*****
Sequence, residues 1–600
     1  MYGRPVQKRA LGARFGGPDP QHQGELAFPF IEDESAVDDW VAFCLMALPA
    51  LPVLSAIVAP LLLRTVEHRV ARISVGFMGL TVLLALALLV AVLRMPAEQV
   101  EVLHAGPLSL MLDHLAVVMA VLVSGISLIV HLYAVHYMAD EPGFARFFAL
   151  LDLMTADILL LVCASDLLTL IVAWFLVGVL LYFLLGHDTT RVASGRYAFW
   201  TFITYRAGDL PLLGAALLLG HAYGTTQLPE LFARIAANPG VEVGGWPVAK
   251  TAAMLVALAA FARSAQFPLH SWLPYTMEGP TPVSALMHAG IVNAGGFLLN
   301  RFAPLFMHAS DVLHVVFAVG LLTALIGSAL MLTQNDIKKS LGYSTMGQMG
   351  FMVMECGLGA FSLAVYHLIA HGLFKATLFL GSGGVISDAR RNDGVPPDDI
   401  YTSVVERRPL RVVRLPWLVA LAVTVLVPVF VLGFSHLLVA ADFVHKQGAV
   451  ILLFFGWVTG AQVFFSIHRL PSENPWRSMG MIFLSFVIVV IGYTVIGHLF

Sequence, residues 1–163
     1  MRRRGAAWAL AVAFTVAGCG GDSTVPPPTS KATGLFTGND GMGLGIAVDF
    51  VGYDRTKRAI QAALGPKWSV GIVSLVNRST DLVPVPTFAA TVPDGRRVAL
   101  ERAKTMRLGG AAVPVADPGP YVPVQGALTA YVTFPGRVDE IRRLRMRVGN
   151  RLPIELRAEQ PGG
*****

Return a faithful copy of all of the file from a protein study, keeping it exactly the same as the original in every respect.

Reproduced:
Sequence, residues 1–600
     1  MYGRPVQKRA LGARFGGPDP QHQGELAFPF IEDESAVDDW VAFCLMALPA
    51  LPVLSAIVAP LLLRTVEHRV ARISVGFMGL TVLLALALLV AVLRMPAEQV
   101  EVLHAGPLSL MLDHLAVVMA VLVSGISLIV HLYAVHYMAD EPGFARFFAL
   151  LDLMTADILL LVCASDLLTL IVAWFLVGVL LYFLLGHDTT RVASGRYAFW
   201  TFITYRAGDL PLLGAALLLG HAYGTTQLPE LFARIAANPG VEVGGWPVAK
   251  TAAMLVALAA FARSAQFPLH SWLPYTMEGP TPVSALMHAG IVNAGGFLLN
   301  RFAPLFMHAS DVLHVVFAVG LLTALIGSAL MLTQNDIKKS LGYSTMGQMG
   351  FMVMECGLGA FSLAVYHLIA HGLFKATLFL GSGGVISDAR RNDGVPPDDI
   401  YTSVVERRPL RVVRLPWLVA LAVTVLVPVF VLGFSHLLVA ADFVHKQGAV
   451  ILLFFGWVTG AQVFFSIHRL PSENPWRSMG MIFLSFVIVV IGYTVIGHLF

Sequence, residues 1–163
     1  MRRRGAAWAL AVAFTVAGCG GDSTVPPPTS KATGLFTGND GMGLGIAVDF
    51  VGYDRTKRAI QAALGPKWSV GIVSLVNRST DLVPVPTFAA TVPDGRRVAL
   101  ERAKTMRLGG AAVPVADPGP YVPVQGALTA YVTFPGRVDE IRRLRMRVGN
   151  RLPIELRAEQ PGG